Vietnam Facing Power Shortage— Looking for Alternatives

  • From 2021, Vietnam will suffer a serious shortage of electricity when demand exceeds the speed of construction of power plants.
  • Power shortages could be a barrier for foreign investors and challenge Vietnam's position as one of the countries that will most benefit from the U.S.-China trade war.
  • Vietnam is at risk of a 6.6 billion kilowatt-hours shortage by 2021, approximately 11.8 billion kWh by 2022, and possibly 15 billion kWh by 2023.

Vietnamese Prime Minister Nguyen Xuan Phuc has warned of a possible power shortage in 2021 and asked other officials to speed up stalled power plant projects, according to the Financial Times. In late September, Vietnamese media reported on the risk of power shortage, while a series of power plant projects were behind schedule. Power shortages could be a barrier for foreign investors and challenge Vietnam’s position as one of the countries that will most benefit from the U.S.-China trade war, according to Reuters analysis.

Nguyễn Xuân Phúc is a Vietnamese politician currently serving as the Prime Minister of Vietnam, and 3rd in 12th Politburo of the Communist Party of Vietnam. He has been a member of the National Assembly since 2002.

Severe power shortage

Vietnam is at risk of a 6.6 billion kilowatt-hour shortage by 2021, approximately 11.8 billion kWh by 2022, and possibly 15 billion kWh by 2023, according to Vietnam News. Demand for electricity in Vietnam is increasing by about 9% per year, faster than the economic growth rate— which only increased by more than 7% in 2018, according to the Financial Times. Adding to this shortage, many energy projects in Vietnam are behind schedule, according to the Ministry of Industry and Trade’s information provided to Reuters.

Delayed projects are mainly located in the South. State media said 47 out of 62 power generation projects in Vietnam with a capacity of 200 megawatts (MW) are at risk of being delayed. The cause of the electricity shortage is the lack of connection between power projects and roads, land and urban development projects.

Some other projects are due to contractors having to choose a new location to place the power station to avoid stepping on existing projects in other areas. In addition, due to land clearance issues, people do not accept the compensation given. There is also a lack of raw materials, such as gas, to run thermal power plants, according to Vietnam Insider.

Also, investors have difficulty securing enough funds from local sources, and the government limits the guarantee for foreign loans, according to the Ministry of Industry and Trade. Vietnam will need an average of $6.7 billion a year to expand its annual electricity generation capacity by 10% from 2016 to 2030.

The World Bank said last year that Vietnam needs to invest up to the $150 billion by 2030 to develop its electricity industry, nearly doubling the $80 billion spent on electricity since 2010. Vietnam is increasingly dependent on coal, accounting for 38.1% of the country’s generating capacity, the Ministry of Industry and Trade said. Vietnam will have to use 720 million tons of domestic coal, along with 680 million tons of imported coal, to supply to power plants in the period 2016-2030. Vietnam will also have to import liquefied natural gas (LNG) for its power plants. Power shortages are expected to subside after 2025 when new gas-fired power plants are online.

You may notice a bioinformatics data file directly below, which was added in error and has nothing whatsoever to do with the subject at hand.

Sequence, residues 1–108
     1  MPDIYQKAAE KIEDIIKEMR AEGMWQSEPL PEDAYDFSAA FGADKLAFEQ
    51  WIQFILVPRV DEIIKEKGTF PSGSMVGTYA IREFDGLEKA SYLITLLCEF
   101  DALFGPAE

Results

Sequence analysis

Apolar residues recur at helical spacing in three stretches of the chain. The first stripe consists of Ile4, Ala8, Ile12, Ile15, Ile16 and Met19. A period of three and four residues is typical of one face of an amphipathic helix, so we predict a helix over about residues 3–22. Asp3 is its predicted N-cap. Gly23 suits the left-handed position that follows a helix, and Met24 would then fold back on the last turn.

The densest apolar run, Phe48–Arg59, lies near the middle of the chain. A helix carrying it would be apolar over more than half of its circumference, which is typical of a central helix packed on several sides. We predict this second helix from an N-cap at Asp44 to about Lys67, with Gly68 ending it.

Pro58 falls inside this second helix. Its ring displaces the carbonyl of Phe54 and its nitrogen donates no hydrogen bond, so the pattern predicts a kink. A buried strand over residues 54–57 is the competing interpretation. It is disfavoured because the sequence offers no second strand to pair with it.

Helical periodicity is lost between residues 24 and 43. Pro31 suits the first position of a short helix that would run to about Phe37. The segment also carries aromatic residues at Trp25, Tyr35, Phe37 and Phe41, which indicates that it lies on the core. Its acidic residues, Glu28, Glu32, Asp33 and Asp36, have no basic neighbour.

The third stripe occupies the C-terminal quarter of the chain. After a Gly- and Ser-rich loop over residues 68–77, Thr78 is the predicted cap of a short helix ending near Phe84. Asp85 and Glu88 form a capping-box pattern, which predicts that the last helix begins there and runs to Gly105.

Increase electricity imports from Laos and China

Vietnam’s energy sector is dominated largely by the nationwide Vietnam Electricity Group (EVN). Most of Vietnam’s power is generated by either hydropower or fossil fuel power such as coal, oil and gas, while diesel, small hydropower and renewable energy supplies the balance.

According to Vietnamese officials, and the Financial Times, to cope with the power shortage crisis, Vietnam is currently looking for alternatives, such as developing solar power, importing liquefied natural gas, and importing electricity from neighboring countries. While praising the Vietnamese government’s solar power development rate, Mr. Gavin Smith, Director of Clean Development of Dragon Capital in Ho Chi Minh City, said that it was still necessary to see if it was sufficient to combat the risk of shortage. A Vietnamese official confirmed to the Financial Times that there may be a risk of serious power outages in unexpected situations, such as when the dams are empty.

A number of US companies are pushing to sell liquefied gas to Vietnam, as a way to reduce Vietnam’s trade surplus with the US. However, liquefied gas will not be a quick enough solution to address the risk of an impending energy crisis because Vietnam needs to build liquefied gas plants. Vietnam has also discussed increasing imports of electricity from Laos and China— although this is thought to be politically sensitive at this time, as tensions between the two countries in the South China Sea are increasing— according to Reuters.

A $391 million solar power project, the largest in Southeast Asia, began operating in Tay Ninh in September 2019. The Electricity of Vietnam (EVN) says more than 4,000 households have installed solar panels on their roofs, collecting about 200MW. About 300MW more could be produced by the end of 2019.

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Doris Mkwaya

I am a journalist, with more than 12 years of experience as a reporter, author, editor, and journalism lecturer." I've worked as a reporter, editor and journalism lecturer, and am very enthusiastic about bringing what I've learned to this site. 

 


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